Philippians 3:17-4:1


With news of organised crime, mass murder, terrorism, and the like, there are two basic concerns. Firstly, for the people that become involved and affected by the events themselves and, secondly, that others will get ideas and start copying what they have heard, seen, and read. And this why there is a growing reluctance to report every single detail in case others should get ideas.

Of course modern concerns—about people copying other people’s behaviour—are fuelled by the ready availability of information. If something happens on the other side of the world, we no longer have to wait months to hear about it. Indeed, all it now takes is a click of a button. But modern concerns have also been heightened because we are constantly reminded of the world situation, with the desperate situations that many people face, and with the desperate solutions that many may think are necessary.

Now there is nothing new in people copying other people’s behaviour. But unfortunately, it seems to be at the forefront of pour minds, these days, and for all the wrong reasons. Which is a shame, because while we may not want to encourage people to copy bad behaviour, there is much to be said about copying good behaviour. And we don’t want to lose the positive side because of fear of the negative.


And one of the people who was aware about both was the Apostle Paul. Indeed, he was well aware that people copied other’s examples, subconsciously, if not deliberately. And as a consequence, in his letter to the Philippians, he pleaded with them not to copy people unthinkingly, but to imitate everything that was positive in the things that they saw when it came to the Christian faith.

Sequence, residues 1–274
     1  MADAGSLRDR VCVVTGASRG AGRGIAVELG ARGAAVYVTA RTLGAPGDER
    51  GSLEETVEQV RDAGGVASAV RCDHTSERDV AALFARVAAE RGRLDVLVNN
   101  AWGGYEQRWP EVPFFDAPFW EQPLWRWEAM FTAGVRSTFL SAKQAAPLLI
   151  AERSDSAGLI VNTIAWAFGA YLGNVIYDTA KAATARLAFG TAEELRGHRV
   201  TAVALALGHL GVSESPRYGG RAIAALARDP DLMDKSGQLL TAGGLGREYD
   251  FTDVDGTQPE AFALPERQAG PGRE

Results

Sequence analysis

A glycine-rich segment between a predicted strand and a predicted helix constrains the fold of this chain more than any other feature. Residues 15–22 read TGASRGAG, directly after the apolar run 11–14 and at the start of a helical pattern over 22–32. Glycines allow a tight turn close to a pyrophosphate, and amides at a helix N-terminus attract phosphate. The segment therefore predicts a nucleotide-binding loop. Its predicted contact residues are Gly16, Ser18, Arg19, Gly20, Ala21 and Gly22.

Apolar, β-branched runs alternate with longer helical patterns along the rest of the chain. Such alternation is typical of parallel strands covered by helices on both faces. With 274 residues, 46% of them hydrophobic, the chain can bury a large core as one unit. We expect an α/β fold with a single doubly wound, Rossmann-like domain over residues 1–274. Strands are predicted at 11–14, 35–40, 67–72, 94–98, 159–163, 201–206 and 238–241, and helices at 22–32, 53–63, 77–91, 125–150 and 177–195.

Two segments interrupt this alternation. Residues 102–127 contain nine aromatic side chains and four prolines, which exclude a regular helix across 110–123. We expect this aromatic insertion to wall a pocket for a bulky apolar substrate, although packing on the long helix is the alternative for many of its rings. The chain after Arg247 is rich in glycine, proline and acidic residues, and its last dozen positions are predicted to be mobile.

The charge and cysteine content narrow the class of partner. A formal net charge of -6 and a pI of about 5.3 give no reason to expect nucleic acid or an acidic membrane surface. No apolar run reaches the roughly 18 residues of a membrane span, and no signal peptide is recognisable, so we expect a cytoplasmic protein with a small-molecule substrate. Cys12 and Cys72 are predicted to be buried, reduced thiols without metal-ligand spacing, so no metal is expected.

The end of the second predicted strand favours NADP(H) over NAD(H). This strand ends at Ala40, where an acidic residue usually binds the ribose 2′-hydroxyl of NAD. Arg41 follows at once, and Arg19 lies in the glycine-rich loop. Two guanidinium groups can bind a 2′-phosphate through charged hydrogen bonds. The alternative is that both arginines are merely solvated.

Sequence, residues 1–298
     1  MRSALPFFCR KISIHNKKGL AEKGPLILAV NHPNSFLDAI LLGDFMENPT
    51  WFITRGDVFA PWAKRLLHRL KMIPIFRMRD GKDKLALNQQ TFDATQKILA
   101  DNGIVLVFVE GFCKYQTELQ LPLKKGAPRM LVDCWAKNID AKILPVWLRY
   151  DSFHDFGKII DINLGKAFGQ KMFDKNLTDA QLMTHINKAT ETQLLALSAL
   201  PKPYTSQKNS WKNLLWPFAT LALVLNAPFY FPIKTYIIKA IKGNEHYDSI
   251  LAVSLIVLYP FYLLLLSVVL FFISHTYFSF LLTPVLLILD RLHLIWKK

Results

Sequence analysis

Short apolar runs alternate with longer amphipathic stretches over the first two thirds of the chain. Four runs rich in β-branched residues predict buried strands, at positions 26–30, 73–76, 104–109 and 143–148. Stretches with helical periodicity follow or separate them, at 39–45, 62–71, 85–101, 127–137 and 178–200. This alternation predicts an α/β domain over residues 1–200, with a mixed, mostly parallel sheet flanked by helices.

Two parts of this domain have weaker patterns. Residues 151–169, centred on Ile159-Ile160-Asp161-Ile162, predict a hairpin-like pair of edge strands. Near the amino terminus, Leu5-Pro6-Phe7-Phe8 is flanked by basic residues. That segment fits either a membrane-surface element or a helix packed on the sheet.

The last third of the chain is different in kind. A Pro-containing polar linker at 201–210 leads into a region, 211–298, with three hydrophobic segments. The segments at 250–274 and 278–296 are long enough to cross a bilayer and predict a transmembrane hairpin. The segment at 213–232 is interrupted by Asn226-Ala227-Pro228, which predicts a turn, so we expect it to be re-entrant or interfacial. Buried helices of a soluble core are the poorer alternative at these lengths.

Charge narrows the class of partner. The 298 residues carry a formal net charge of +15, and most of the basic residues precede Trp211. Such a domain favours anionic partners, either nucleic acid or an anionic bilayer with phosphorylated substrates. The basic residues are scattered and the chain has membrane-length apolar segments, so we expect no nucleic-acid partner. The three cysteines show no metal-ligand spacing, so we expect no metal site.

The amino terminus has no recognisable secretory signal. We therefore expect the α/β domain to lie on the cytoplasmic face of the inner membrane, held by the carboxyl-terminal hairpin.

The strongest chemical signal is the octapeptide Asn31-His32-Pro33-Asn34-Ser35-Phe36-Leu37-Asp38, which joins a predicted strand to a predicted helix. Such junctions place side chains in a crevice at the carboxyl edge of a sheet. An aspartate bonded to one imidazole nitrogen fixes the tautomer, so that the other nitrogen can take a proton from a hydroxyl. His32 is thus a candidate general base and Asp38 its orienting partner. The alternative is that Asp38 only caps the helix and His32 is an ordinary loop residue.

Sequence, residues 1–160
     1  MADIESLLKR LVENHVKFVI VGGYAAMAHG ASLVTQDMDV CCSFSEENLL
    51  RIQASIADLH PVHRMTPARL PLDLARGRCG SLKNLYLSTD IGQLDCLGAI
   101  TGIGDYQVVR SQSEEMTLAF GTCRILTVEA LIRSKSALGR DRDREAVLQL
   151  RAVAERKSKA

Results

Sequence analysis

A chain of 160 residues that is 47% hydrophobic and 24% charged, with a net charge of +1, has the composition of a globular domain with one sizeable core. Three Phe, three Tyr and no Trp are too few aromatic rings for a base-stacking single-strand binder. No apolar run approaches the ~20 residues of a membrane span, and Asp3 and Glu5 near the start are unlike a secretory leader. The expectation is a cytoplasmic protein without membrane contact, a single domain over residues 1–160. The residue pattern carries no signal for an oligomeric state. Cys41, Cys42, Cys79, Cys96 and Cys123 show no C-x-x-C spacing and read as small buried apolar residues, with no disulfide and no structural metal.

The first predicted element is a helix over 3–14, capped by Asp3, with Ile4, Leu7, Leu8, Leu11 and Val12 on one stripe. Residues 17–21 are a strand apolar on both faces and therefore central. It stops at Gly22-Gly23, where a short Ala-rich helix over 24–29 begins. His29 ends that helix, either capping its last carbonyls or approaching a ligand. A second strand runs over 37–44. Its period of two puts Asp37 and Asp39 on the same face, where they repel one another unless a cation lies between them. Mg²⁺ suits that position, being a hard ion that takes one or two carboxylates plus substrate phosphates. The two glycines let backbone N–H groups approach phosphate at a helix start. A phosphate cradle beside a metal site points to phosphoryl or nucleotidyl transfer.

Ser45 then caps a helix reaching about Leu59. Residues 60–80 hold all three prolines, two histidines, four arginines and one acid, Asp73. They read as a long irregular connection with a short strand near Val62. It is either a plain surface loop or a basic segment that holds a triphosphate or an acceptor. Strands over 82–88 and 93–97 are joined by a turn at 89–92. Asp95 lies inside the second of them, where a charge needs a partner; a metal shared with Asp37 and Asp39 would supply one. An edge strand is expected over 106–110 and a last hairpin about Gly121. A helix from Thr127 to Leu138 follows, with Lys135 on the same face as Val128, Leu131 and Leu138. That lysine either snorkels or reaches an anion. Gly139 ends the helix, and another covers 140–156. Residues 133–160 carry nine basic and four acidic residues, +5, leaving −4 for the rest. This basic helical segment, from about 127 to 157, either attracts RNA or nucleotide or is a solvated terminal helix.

And Paul argued his case from a very interesting perspective. Because he lay side by side worldly ways with godly ways, and he then challenged the people to choose which path they should take.

1. The Negative – The Enemies of the Cross (17-19)
And in regard to the worldly ways, Paul identified four different types of people that others often imitated:

Firstly, there were those who were anti-Christian, or who found the pull of the world too strong. And he included those who were not only antagonistic to anything Christian, but those who had no room for anything religious as well.

Secondly, there were those who recognised no authority outside of their personal satisfaction. Indeed, they believed that they had it in themselves to cater for their own needs. They were dependent upon no-one and needed no outside help whatsoever.

Thirdly, there were those who gloried in things of which they should have been ashamed. In other words, these were people who highly prized things that debased their own lives and whose practices debased others.

And fourthly, there were those whose horizons were totally earthbound and set on earthly things. People who were consumed with the acquisition of wealth and material possessions.